Diplomat says Russia and US close to understanding on AleppoRussian Politics & Diplomacy December 08, 10:28
Lukashenko says CIS turns into modern regional community over past 25 yearsWorld December 08, 9:40
S-400 missile systems put on combat duty in northwestern RussiaMilitary & Defense December 08, 8:47
Japanese Foreign Ministry officially announced Putin's visit on December 15-16World December 08, 7:04
Putin to meet with head of Eurasian Economic CommissionRussian Politics & Diplomacy December 08, 6:22
Russian envoy says relations with NATO started deteriorating long before Ukrainian crisisRussian Politics & Diplomacy December 08, 4:55
Contact Group agrees to settle water cuts issue in Lugansk within 7 days ― OSCE envoyWorld December 08, 2:58
Glencore expects deal on purchasing stake in Rosneft to close in mid-DecemberBusiness & Economy December 08, 2:03
Italian Prime Minister Renzi officially resignsWorld December 08, 1:27
MOSCOW, March 31. /ITAR-TASS/. The collection of Scythian gold, which is currently touring over Europe, should be returned to Crimea, speaker of the Russian State Duma lower parliament house Sergei Naryshkin said on Monday. The ‘Crimea: Gold and Secrets of the Black Sea’ collection was taken from Crimean museums to exhibitions in European countries before Crimea’s reunification with the Russian Federation.
Naryshkin told journalists he had sent relevant letters to Russian Ministers of Foreign Affairs Sergei Lavrov and of Culture Vladimir Medinsky.
Currently, the collection is being exhibited in Amsterdam. “Our position is that the exhibits should be returned to their museums,” Naryshkin noted, adding that some of them had been loaned from Crimean museums.
The State Duma speaker said he had discussed this problem with Mikhail Piotrovsky, the director of the St. Petersburg-based State Hermitage Museum.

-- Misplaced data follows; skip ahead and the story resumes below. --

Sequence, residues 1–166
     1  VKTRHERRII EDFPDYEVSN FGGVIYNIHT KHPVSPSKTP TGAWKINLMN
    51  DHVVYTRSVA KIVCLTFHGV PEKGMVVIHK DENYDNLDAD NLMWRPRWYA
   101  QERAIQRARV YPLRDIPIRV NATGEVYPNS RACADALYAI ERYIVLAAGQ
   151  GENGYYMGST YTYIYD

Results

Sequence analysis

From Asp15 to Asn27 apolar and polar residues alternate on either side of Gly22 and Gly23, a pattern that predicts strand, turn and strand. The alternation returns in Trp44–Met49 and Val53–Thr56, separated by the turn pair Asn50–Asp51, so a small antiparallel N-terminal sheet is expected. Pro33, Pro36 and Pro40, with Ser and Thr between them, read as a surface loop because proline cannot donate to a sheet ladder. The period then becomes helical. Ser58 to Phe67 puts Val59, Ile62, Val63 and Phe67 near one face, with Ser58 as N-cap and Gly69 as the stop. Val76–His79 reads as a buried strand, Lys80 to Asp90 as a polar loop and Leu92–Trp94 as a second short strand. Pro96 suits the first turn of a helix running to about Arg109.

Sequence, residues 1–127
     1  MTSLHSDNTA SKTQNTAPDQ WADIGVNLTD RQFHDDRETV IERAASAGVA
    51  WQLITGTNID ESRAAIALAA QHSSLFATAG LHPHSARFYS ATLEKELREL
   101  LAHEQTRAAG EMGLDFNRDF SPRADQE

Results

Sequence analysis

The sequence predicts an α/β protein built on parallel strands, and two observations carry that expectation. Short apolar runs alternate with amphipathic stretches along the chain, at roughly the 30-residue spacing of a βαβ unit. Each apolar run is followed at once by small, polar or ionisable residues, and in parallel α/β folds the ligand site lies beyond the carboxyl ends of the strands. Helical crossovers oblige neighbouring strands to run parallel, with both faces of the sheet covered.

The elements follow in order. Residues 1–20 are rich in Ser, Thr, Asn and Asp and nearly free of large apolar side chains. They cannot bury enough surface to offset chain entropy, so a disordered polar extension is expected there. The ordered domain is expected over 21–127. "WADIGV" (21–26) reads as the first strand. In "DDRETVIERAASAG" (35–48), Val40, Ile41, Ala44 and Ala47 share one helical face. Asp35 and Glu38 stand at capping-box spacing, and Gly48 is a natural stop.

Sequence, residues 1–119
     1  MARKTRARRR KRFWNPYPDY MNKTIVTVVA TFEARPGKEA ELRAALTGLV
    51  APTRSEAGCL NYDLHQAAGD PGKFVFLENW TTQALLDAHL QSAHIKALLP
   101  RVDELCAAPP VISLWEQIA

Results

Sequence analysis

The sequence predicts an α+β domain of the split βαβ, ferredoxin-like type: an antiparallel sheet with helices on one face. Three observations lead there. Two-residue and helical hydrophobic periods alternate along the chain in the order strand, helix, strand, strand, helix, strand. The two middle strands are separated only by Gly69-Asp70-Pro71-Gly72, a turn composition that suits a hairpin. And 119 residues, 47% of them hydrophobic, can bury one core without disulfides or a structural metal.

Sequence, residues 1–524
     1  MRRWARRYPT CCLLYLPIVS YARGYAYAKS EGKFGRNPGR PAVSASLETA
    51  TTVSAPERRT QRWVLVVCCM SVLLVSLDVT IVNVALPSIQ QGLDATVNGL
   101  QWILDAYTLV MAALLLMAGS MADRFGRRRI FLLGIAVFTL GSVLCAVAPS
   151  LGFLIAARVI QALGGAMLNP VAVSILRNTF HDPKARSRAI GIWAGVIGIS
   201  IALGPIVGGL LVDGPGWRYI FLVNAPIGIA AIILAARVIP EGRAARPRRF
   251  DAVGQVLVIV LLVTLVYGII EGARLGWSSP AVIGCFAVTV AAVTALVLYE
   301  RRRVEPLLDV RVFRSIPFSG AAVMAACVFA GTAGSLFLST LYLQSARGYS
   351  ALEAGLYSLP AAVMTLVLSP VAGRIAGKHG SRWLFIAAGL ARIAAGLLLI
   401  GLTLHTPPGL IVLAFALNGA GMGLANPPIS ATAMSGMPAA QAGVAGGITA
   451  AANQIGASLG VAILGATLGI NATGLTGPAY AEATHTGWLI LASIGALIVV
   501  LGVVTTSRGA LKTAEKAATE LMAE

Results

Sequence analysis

Back on March 26, Yasha Lange, a spokeswoman for Allard Pierson Museum, a subsidiary of Amsterdam University, told Itar-Tass the museum had not yet taken a decision on where to send back the exhibits. “The exhibition that started in February includes exhibits loaned by five Ukrainian museums, four of which are located in Crimea,” she said. “Agreement on these exhibits was signed before the political coup in Ukraine” and Crimea’s transition to the Russian jurisdiction. That’s why it’s extremely important for the Allard Pierson Museum to exercise caution in this situation.”
“The exhibits will remain in the Netherlands through to the end of the display, that is, until the end of August, after which they will be consigned to their legitimate owners,” she said. “Considering the knottiness of the problem, including the problem of who these exhibits should be returned to and how, the situation is now being scrutinized by Amsterdam University’s legal advisors and we’ve also asked the Dutch Foreign Ministry for recommendations.”
The exhibition ‘Crimea: Gold and Secrets of the Black Sea’ displays the results of archeological excavations made in Crimea, including gold jewelry and treasures, weaponry, and household utensils that tell the visitors about the rich history of the Crimean Peninsula.
The cost of these antiquities is believed to reach several hundred thousand US dollars.